Unlike the previous product-based regulatory regime, under the 2016 Measures, whether the health foods will be subject to a registration or filing process mainly depends on whether the ingredients are covered by the Ingredients Catalogue. The regulatory focus is now shifted from specific products to the functional ingredients of the product and whether the ingredient is evidentially safe and functional. This is in line with the international best practice and will greatly reduce the administrative burden for both the regulators and the health food manufacturers.

Notably, the 2016 Measures also delete the definition of health food and instead provide that the health functional claims made by health foods must have already been listed in the Health Food Functional Claims Catalogue (the “Claims Catalogue”), marking a change from the original product-focused policy.

The Ingredients Catalogue has not been officially published yet, but CFDA released the draft Administrative Measures on Health Food Functional Claims Catalogue and Raw Materials Catalogue in July 2015 and the draft Ingredients Catalogue (first batch) in February 2016, to seek public opinion. We will keep a close eye on the development of the regulations.

  • Delegation of Power

CFDA will delegate the power to accept and handle filings of health foods to their branches at the provincial level, except for nutrient supplements imported into China for the first time, which are to be filed with central CFDA. This would also expedite the filing process and help reduce the cost for filings. In the meantime, CFDA itself will focus on new ingredients that are not contained in the Ingredients Catalogue and on the health foods imported into China for the first time.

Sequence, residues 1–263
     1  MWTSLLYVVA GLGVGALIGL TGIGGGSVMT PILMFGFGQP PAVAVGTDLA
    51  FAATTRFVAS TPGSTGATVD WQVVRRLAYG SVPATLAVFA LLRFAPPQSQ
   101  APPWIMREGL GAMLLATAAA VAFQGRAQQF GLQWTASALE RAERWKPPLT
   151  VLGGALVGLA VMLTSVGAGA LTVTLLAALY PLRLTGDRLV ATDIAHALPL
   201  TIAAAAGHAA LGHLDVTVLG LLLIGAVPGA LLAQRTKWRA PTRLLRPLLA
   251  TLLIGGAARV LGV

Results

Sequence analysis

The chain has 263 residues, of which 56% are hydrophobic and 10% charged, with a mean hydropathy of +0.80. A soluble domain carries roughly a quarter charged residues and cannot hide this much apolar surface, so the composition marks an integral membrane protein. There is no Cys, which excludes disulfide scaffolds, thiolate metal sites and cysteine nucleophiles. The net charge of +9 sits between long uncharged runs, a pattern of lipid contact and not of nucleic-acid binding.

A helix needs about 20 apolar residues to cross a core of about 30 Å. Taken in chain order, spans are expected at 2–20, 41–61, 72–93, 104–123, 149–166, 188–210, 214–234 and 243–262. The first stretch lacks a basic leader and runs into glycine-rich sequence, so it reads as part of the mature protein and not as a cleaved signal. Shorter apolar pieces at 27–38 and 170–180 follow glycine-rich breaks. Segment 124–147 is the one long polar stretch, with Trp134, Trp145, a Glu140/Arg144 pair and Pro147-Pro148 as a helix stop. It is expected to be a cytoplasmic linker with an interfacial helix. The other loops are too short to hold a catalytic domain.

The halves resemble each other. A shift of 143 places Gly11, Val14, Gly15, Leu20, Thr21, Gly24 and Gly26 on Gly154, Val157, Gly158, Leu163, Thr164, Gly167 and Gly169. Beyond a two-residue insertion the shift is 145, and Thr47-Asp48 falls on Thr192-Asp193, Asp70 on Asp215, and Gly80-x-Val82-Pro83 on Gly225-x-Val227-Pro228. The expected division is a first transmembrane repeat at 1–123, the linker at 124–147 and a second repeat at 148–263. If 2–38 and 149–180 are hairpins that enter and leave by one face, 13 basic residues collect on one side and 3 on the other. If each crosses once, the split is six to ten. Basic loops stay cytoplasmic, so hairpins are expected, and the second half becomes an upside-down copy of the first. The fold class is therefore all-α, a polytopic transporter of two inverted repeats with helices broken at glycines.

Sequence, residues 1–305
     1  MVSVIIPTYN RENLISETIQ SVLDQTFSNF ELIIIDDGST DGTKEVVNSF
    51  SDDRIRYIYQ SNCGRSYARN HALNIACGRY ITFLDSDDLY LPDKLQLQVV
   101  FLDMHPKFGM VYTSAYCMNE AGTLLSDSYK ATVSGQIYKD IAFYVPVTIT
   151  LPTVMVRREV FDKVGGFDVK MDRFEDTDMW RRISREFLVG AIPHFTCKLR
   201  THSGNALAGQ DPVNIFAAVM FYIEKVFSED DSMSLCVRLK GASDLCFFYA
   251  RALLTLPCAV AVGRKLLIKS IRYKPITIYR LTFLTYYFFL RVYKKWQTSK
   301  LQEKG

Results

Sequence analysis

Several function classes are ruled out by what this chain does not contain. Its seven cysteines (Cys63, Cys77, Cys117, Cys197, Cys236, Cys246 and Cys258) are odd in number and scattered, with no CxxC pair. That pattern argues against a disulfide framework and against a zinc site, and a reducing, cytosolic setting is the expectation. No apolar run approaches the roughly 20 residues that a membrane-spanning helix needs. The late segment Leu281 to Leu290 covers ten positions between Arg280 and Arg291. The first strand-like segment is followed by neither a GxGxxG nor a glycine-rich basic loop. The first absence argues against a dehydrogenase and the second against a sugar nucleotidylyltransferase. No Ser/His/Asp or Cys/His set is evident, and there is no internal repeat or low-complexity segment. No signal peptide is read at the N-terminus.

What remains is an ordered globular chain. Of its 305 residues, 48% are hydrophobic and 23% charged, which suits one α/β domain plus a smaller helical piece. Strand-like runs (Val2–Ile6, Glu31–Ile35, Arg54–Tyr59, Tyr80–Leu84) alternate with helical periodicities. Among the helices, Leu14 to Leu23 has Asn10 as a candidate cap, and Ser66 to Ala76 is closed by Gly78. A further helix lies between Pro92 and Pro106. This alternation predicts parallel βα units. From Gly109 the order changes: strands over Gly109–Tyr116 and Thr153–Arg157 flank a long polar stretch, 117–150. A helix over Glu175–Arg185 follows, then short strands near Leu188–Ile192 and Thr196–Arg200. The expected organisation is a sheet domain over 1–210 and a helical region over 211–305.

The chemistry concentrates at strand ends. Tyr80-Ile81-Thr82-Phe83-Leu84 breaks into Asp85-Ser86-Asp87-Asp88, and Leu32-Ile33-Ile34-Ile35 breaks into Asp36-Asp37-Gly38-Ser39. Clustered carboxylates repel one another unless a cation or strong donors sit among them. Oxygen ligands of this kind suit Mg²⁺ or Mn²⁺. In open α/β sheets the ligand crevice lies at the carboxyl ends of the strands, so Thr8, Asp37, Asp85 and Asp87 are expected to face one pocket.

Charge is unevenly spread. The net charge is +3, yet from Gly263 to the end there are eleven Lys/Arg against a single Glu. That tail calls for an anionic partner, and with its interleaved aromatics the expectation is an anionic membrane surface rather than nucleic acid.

• Rationalized Registration Process

For registration process, applicants may now submit their application directly to CFDA under the 2016 Measures instead of the provincial CFDA office for preliminary review first, and are not required to conduct prior testing with CFDA. In addition, the technical review, on-site inspection and re-examination process may now be conducted concurrently with completion of each process subject to a specified timeframe. Under the 2005 Measures, however, the applicant must first submit samples and materials for detailed testing and examination and obtain a test report from CFDA testing institutions before applying for registration, and the subsequent on-site inspection, re-examination and technical review have to be conducted sequentially. The new process will no doubt substantially shorten the registration process.

Our Observations

  • Market Entry Made Easier

An ingredient-based regulatory regime will be more predictable and transparent and greatly eliminate administrative burden for both CFDA and the market players. The streamlined registration process together with the filing system will significantly reduce the time, cost and other resources consumed in the administrative process. The 2016 Measures will certainly open up the gate of health food market even wider to more companies in China and abroad. In the meantime, health food companies are encouraged to pay close attention to the development of Ingredients Catalogue, which we expect to be published within this year.

  • Implications for Foreign Health Food Companies

A large number of foreign health food manufacturers, who are yet to export their products to China, are still subject to the registration process (except for nutrient supplements), whereas most Chinese manufactures are able to benefit from the filing system. While the rationalized registration process will render it easier for foreign companies to enter the market, it is now worth considering establishing manufacturing capability within China in order to take advantage of the newly-introduced filing system and gain closer access to the ever-growing Chinese appetite for health foods.